June 16, 2012 (TSR) – As leaders of the Group of 20 (G20) nations will gather in the Mexican city of Los Cabos next week for a summit, people worldwide have been anxiously expecting what they could prescribe for an ailing global economy.
HOST: ECONOMIC GROWTH TOPS EVERYTHING ELSE
Mexican Foreign Secretary Patricia Espinosa has said that the most important topic of the summit is how to promote economic recovery and growth.
According to the Mexican government, the G20 leaders would also focus on how to reinforce international financial institutions, encourage sustainable development, improve energy sufficiency, and expand input to cope with climate change.
CHINA: PROMOTE GROWTH AND STABILITY
Ever since the first G20 summit, China has been playing a positive and constructive role in working with other G20 members to counter the international financial crisis and strengthen global economic governance, said Chinese Deputy Foreign Minister Cui Tiankai.
China’s efforts to transform its development pattern, adjust economic structure, and maintain a steady and fast economic growth would be the nation’s major contributions to a dismal world economy, he said.
He also said China hopes the G20 leaders could come out of the summit with positive outcomes in terms of promoting growth and stability.
RUSSIA: REFORM GLOBAL FINANCIAL SYSTEM
Russian Foreign Minister Sergei Lavrov said the agreements reached at the G20 summit in the French city of Cannes last year should be fulfilled, which include the completion of International Monetary Fund reforms.
He also said Russia hopes Mexico, the host of the summit, could put forward proposals to reform the global financial and economic system, and to promote global economic stability and balanced growth.
According to Russia’s presidential press office, Russian President Vladimir Putin will meet with his U.S. counterpart Barack Obama on the sidelines of the summit, the first since Putin’s return to the Kremlin last month. The two leaders will possibly sign a series of important documents.
U.S.: DEBT CRISIS IN EUROPE
The summit will cover “everything from continuing working on the framework for balanced, strong and sustainable growth to working on financial regulation,” Michael Froman, deputy national security advisor for international economic affairs, said at the Washington-based Center for Strategic and International Studies.
He called the ongoing eurozone crisis the “biggest issue” in the global economy right now, and expected the G20 leaders to spend a “disproportionate” amount of their time to talk about the state of the global economy, “particularly what’s going on in the eurozone.”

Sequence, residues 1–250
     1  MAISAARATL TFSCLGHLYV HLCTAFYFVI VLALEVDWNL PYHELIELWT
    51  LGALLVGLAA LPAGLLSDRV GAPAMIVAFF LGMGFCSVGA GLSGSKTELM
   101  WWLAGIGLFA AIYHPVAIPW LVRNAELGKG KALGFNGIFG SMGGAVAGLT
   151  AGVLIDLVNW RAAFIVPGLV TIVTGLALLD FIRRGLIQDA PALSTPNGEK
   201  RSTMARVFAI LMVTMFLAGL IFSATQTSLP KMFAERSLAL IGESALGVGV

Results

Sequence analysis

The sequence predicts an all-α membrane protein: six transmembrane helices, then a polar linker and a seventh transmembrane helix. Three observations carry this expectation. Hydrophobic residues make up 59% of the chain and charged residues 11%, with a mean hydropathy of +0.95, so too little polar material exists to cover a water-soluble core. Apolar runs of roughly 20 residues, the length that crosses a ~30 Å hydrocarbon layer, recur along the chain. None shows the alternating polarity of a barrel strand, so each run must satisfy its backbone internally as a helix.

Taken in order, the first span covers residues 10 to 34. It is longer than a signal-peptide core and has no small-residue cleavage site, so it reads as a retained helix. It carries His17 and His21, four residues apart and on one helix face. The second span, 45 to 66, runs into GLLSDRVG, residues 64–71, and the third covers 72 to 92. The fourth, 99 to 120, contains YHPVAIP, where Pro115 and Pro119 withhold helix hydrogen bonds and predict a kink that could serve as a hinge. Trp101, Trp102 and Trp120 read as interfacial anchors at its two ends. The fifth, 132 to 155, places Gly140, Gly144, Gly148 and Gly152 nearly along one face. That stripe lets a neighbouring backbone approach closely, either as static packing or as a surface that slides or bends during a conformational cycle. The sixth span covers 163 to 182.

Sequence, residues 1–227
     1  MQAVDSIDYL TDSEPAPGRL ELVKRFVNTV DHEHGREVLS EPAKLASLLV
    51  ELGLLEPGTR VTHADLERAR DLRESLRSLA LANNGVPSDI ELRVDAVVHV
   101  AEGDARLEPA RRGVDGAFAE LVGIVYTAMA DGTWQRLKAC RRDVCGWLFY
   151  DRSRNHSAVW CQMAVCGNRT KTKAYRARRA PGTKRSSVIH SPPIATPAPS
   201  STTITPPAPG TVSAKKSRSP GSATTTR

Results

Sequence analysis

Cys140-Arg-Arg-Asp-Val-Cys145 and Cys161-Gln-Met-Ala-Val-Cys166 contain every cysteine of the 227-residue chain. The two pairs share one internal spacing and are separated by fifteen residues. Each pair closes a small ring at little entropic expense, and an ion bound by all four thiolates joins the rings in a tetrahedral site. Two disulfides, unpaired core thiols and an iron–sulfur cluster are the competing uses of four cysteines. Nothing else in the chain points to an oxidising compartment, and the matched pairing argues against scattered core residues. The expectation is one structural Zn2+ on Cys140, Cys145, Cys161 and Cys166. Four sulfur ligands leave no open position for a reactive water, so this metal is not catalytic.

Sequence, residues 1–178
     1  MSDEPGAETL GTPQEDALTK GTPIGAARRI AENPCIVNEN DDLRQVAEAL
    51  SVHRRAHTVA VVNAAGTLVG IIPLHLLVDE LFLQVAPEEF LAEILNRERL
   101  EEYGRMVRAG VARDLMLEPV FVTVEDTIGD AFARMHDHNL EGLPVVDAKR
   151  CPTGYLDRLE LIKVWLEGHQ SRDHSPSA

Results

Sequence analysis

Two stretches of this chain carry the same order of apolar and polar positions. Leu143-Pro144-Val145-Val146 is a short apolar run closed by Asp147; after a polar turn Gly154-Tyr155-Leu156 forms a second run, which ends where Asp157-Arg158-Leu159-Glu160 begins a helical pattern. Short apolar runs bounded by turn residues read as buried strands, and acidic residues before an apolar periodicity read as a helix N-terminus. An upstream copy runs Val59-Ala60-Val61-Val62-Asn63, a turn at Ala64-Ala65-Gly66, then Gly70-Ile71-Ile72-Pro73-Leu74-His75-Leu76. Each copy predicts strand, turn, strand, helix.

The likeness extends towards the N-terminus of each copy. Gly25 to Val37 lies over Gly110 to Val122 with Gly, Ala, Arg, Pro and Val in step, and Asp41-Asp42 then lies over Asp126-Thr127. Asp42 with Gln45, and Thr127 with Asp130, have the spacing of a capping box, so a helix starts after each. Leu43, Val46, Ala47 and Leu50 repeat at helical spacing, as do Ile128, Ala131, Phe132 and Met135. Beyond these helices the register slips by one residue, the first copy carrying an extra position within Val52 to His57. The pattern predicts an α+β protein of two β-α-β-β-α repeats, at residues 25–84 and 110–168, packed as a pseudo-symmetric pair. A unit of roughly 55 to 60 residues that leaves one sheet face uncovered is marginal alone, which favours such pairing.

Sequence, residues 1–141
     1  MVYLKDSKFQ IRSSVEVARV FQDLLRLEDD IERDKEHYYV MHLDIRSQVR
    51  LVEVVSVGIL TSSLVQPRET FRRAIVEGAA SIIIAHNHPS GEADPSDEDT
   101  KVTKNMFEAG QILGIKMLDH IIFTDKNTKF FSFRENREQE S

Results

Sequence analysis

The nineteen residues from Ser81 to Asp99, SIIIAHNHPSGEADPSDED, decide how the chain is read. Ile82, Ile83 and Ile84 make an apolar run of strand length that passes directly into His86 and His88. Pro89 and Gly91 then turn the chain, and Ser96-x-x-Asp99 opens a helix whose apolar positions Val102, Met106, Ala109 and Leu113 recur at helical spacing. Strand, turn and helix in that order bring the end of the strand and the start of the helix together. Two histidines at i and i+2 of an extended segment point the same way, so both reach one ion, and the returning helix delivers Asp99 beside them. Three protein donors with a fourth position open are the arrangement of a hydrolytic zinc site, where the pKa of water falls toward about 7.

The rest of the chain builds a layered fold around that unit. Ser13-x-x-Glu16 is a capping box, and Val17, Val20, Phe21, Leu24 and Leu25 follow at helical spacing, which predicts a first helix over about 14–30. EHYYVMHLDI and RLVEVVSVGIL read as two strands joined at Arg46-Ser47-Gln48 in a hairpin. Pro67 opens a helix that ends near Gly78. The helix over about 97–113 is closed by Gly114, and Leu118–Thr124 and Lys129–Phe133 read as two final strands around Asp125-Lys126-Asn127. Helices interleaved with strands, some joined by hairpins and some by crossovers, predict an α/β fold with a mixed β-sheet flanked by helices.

EU: FOUR PRIORITIES
President of European Council Herman Van Rompuy and President of the European Commission Jose Manuel Barroso said in a joint letter sent to the 27 EU members’ leaders recently that the EU should focus on promoting economic growth and employment, strengthening the international financial architecture, making substantial further progress on financial market reform, and tackling food security and promoting development.
EU leaders would also be appealing to other G20 countries to “fight protectionism and to further strengthen the multilateral trading system,” they said, adding that the recent surge in protectionism is a major concern and the G20 should strengthen the existing monitoring mechanism.
GERMANY: SUMMIT SHOULD GO BEYOND EUROZONE DEBT CRISIS
The German government believes that the summit should go beyond the debt crisis in the eurozone and look into problems concerning global economic recovery and growth, including improving the poor financial status of the United States.
It added that the summit should also discuss the economic structure reforms in the emerging markets, forestalling trade protectionism, and improving global macro-investment environment.
JAPAN: STRONG MESSAGE NEEDED
Noriyuki Shikata, Japanese government spokesman, said the eurozone debt crisis and the need to maintain global financial security shall be the key topics at the summit.
He also said the G20 leaders should send a “strong message” to stabilize market confidence.
Japan believes that EU’s financial sectors should play a major role in combating the financial crisis, said Shikata, adding that the summit is expected to play its part in fighting protectionism and promoting sustainable development.
BRAZIL: CONCERTED ACTION AMONG MAJOR ECONOMIES
Brazilian President Dilma Rousseff said Monday that her country would urge collaborative efforts by the developed and the emerging economies at the summit to promote economic growth and stability.
Rousseff added that the world could not expect the emerging economies alone to solve the problem.